Male Circumcision, Alcohol Use and Unprotected Sex among Patrons of Bars and Taverns in Rural Areas of North-West Province, South Africa

January 2015 - Behavioral Prevention

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Nkosi, S., Sikweyiya,Y., Kekwaletswe, C. T., et al. AIDS Care (November 27, 2014), pp. 1–6, E-publication ahead of print.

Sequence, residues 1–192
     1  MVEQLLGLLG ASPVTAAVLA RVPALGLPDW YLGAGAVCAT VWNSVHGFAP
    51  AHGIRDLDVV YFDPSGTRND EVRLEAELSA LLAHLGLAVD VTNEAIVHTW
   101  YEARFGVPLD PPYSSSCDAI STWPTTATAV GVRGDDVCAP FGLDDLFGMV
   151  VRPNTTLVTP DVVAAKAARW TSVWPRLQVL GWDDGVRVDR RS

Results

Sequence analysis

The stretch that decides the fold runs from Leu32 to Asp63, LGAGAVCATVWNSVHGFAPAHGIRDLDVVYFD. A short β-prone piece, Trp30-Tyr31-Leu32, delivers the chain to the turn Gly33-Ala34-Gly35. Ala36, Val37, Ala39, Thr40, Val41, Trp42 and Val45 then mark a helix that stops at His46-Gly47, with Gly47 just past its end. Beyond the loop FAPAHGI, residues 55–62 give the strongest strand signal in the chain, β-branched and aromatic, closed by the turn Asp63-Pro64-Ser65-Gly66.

The authors of this study examined the relative importance of alcohol consumption and both medical male circumcision (MMC) and traditional male circumcision (TMC) as correlated with unprotected sex; and compared the risk of unprotected sex between traditionally circumcised and medically circumcised tavern-going men from two rural villages in North West province, South Africa. The 314 study participants were asked to respond to an interviewer-administered structured questionnaire about their demographic characteristics, alcohol use, circumcision status, method of circumcision (i.e., traditional or medical), and condom use behavior in the past six months. The authors used a 10-item Alcohol Use Disorders Identification Test (AUDIT) approach to assess the participants’ alcohol consumption. Using descriptive analyses and bivariate and multivariate logistic regression analysis, they showed that age, education, relationship status, alcohol consumption, and TMC were independently significantly associated with unprotected sex. Additionally, the study found that TMC men had a higher risk of engaging in unprotected sex than MMC men. The authors concluded that more research is needed to better understand factors that could account for differences in behavior between TMC and MMC men. They also urged including interventions to reduce alcohol consumption and encourage protective behavior among TMC men within HIV prevention education.

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